Children in Ireland have less freedom than children in countries such as Germany, England, France and Finland when it comes to travelling to school and moving about in their communities.

The finding comes in a new study ranking children's independent mobility in Ireland at 12th out of 16 countries. 

The 'Children's Independent Mobility on the island of Ireland' report is part of 16 parallel reports collated by the Policies Study Institute in London.

The study, which was carried out at Mary Immaculate College of Education in Limerick, also states the single biggest sources of worry to children when they are outside are dogs.

But for girls their biggest worry is 'kidnapping'.

The study reveals a marked decline in mobility on several scales. Over 60% of parents report that, as children, they walked to school. Today, only 13% of second-level pupils and 22% of primary school children surveyed walk to school.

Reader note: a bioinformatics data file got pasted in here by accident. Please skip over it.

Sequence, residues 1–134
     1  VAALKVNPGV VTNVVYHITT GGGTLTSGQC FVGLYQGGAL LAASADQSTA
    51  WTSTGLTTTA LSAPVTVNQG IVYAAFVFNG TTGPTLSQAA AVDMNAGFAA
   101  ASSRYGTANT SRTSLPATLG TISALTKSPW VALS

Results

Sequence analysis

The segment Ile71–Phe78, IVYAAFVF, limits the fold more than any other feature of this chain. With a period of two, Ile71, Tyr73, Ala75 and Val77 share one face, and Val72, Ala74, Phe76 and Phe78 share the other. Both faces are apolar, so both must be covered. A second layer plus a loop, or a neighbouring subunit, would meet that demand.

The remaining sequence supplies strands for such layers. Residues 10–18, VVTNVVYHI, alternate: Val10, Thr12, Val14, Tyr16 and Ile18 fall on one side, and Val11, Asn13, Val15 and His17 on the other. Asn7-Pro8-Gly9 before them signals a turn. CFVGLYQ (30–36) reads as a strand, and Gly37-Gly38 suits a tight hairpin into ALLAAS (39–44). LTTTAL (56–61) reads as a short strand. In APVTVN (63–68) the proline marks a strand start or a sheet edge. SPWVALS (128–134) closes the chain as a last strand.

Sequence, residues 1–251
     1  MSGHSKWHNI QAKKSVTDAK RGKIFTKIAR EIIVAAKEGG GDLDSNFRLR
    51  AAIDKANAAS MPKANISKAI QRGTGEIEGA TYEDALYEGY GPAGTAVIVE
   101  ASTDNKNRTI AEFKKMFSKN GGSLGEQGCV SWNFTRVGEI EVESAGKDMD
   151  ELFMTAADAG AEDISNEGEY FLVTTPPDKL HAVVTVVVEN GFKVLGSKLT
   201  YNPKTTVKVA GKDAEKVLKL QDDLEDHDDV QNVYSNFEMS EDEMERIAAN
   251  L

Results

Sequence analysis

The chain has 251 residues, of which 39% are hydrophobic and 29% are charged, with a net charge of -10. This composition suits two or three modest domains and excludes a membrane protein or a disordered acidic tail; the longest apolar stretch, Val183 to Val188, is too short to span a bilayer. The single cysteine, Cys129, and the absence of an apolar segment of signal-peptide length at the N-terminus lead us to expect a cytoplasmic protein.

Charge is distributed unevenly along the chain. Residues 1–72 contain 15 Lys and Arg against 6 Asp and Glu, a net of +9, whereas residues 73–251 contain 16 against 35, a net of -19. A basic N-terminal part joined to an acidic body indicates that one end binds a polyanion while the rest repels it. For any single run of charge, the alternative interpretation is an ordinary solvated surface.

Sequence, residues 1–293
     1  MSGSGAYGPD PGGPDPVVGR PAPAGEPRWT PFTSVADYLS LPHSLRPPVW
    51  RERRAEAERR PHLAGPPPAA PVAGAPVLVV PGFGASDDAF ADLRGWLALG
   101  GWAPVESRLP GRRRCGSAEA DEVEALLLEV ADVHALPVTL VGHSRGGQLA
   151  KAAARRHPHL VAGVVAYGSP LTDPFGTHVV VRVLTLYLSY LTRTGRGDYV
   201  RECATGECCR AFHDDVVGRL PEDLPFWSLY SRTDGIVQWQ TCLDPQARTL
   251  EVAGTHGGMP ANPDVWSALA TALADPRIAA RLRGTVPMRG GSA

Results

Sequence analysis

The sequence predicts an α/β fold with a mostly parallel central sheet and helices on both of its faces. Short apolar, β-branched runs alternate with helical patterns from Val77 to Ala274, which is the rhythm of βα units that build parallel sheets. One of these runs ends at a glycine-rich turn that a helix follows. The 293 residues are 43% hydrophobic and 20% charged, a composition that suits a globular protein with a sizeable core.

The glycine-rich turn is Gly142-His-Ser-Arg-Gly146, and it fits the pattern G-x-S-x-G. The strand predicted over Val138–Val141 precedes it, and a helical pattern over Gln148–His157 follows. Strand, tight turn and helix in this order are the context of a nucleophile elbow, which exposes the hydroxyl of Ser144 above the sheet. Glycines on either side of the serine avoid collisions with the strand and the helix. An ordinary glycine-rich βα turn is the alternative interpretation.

The study looks at how free children are to travel alone and, when it comes to leaving school to go home, almost two-thirds of them are not allowed to do so by their parents.

The most popular way to get to and from school is by car with parents, while less than 3% of primary school children and less than 2% of secondary pupils cycle to and from school.

Out of the 16 countries studied, Ireland ranks 12th, Finland first, and South Africa last in terms of children's independent mobility.

For the study 2,228 children aged between seven and 15, and 1,700 parents were surveyed in Ireland.